I have to say, I love Macau Government Tourist Office for these handy signs. I could get myself somewhat slightly lost (as is my habit, every walking trip becomes a Walking Tour because I get lost a lot), but the signs were regularly spaced. Every time I found myself wondering “Wait, which way am I going?” one of the signs was within my line of vision. As long as I knew what other attractions was in that general area, I was never really lost-lost.
So I set off, following my handy map and my trusty signs. The suggested time was 90 minutes, but I’m pretty sure it took me a lot longer than that.
It was hot and humid and it was awesome. I was carrying my big backpack with me, but the straps were done up properly so all the weight was on my hips. People kept asking me if it was heavy when they watched me put it on, but it was really just bulky and I’m more of a “heave it with momentum” person than a “pick it up like a normal person” person when I put backpacks on. I’ve mastered the kick-and-swing motion. Somewhere around St. Augustine’s I got a little lost, but I asked directions at a shop where I bought water and managed to find my way back. I always seem to get lost and end up in places foreigners don’t go very often, but it’s more fun that way, I think.
A lot of the churches had signs that said no short skirts and no bare shoulders, but I had tied up my skirt to be considerably shorter (and thereby cooler) and I was definitely wearing a tanktop. Luckily, my momma taught me to pack, so I was carrying around a button-up shirt so I would put that on and untie my skirt. And voila, I was presentable for churches. Some of the churches had security people who clearly didn’t care, but I felt like it would’ve been disrespectful to go in and not follow the rules, reinforced or not. The churches were beautiful, though, so it was totally worth it.
I ended the tour at the Maritime Museum and tried to find a place to eat. Since it was so late in the afternoon, it was almost impossible to find a place to eat. I did manage to find a fancy place that was still open during the China equivalent of a siesta before I tried to catch a bus to Taipa to go see the Venetian. It took a lot longer than I expected to catch the bus, but the bus stops were cleverly laid out. Instead of both sides of the stop having the same name, the stop going one direction was called one thing and the stop going the opposite direction was called another. It made it a lot harder to go the wrong way, but I still managed to do it. When I was on the right bus going the right way, we passed by the huge glittery building I saw from the Fort and I was leaning over an old Chinese guy to peer out his window. He gestured for me to get off at the stop, which appeared to be some sort of bus depot, so I decided why not?
I walked around in that area trying to find the water whose breeze I could feel. I ended up asking a nice British guy for directions to the water. Turns out in that area, where the bridge from Macau to Taipa starts on the Macau side, there was two waters: the lake and the river. He also told me the big glittery gold building is the tallest in Macau and that’s where he works. I followed his directions to the water and revelled in the near-water breeze and the humidity before trying to get on another bus to Taipa. I was standing and not paying attention to the people getting on the bus when someone did the sort-of-a-whistle-but-not-really thing to get my attention and I looked up while he gestured for me to get on. The guy had just enough space for just me to get on the bus. We had to stand at the door and I needed his help getting my backpack over the door chain, but he was really nice. I told him I was going to the Venetian and he laughed. Turned out, he was a local with an American accent because of Sesame Street. He was getting off at the same stop, so we chatted a bit on the bus ride and he recommended a restaurant for me to go to. He still laughed that I was going to the Venetian, but I really just wanted to see the architecture!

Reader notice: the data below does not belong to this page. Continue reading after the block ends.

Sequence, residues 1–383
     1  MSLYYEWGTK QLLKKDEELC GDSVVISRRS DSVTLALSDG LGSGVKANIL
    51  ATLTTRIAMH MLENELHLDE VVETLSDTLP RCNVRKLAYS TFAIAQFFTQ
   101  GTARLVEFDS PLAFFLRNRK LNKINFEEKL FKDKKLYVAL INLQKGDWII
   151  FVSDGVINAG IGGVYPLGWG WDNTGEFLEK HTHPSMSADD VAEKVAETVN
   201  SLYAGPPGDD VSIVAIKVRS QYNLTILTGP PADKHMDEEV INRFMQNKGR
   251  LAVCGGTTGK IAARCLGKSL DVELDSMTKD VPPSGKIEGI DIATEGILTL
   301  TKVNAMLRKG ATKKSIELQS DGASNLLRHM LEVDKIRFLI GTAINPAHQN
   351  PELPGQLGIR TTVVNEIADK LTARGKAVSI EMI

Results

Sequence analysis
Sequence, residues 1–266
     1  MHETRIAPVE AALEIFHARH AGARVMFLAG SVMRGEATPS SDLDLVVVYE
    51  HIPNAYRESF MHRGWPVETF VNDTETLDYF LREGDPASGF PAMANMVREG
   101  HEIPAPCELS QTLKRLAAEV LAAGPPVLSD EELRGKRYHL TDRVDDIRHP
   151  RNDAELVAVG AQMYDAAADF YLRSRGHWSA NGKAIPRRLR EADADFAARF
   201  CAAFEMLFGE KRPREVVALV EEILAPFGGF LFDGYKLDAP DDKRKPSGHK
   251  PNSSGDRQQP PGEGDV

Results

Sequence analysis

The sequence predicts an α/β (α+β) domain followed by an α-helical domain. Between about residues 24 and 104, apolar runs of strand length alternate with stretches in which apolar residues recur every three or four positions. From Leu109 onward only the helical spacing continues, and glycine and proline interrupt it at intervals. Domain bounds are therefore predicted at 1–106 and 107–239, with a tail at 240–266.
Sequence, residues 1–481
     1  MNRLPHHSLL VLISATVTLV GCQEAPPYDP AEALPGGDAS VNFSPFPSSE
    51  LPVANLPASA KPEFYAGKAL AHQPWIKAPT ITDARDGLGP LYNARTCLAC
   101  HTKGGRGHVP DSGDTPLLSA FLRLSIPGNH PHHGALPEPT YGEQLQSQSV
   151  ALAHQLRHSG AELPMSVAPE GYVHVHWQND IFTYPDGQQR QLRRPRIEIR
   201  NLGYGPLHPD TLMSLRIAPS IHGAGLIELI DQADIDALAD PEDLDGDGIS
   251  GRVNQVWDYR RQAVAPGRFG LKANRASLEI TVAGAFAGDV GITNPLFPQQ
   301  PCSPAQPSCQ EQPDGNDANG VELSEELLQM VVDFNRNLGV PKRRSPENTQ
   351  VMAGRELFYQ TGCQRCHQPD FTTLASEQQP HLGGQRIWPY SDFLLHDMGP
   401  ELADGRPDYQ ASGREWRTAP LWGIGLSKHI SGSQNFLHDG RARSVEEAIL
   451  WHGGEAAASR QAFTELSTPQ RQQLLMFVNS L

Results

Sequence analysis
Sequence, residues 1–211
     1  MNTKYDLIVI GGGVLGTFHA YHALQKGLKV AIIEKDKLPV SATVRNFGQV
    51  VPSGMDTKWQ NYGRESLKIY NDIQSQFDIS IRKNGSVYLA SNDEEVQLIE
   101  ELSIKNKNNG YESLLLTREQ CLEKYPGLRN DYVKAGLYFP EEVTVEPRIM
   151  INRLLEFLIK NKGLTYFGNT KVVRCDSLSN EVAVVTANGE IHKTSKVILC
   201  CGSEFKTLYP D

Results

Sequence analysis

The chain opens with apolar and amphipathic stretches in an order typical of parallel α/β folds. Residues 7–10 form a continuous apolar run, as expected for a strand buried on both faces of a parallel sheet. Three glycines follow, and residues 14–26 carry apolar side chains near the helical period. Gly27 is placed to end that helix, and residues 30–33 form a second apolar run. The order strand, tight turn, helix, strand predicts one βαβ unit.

We got off at the stop and parted ways and I wandered towards the glittering lights and dazzling casinos. The Venetian really did remind me of Venice, but then I was hungry so I started trying to walk towards where I thought he said the Old Village was. I was going in the right direction, thankfully, and I couldn’t remember the name of the restaurant except that it had “Santa” in it. Turned out to be O Santos, and I found it, and had some tomato rice before trying to find my way to the ferry terminal.
To be honest, I’m not really sure how I got to the ferry terminal, I think I took the bus. That makes the most sense. But it was late and I was super tired, so everything is a little foggy. I made it to the terminal, said goodbye to Macau, and said hello to another ferry to Hong Kong!
I made it to my hostel without incident, although my bed in the dorm was the highest one. 🙁 Shortest person, tallest bed.
According to my Fitbit, I walked 16.93km (10.52mi) that day, so sitting in the hostel lobby and chatting before heading to bed was nice. I met a guy from Ireland and one from the UK and they were a bit abrasive, but it was fun anyways.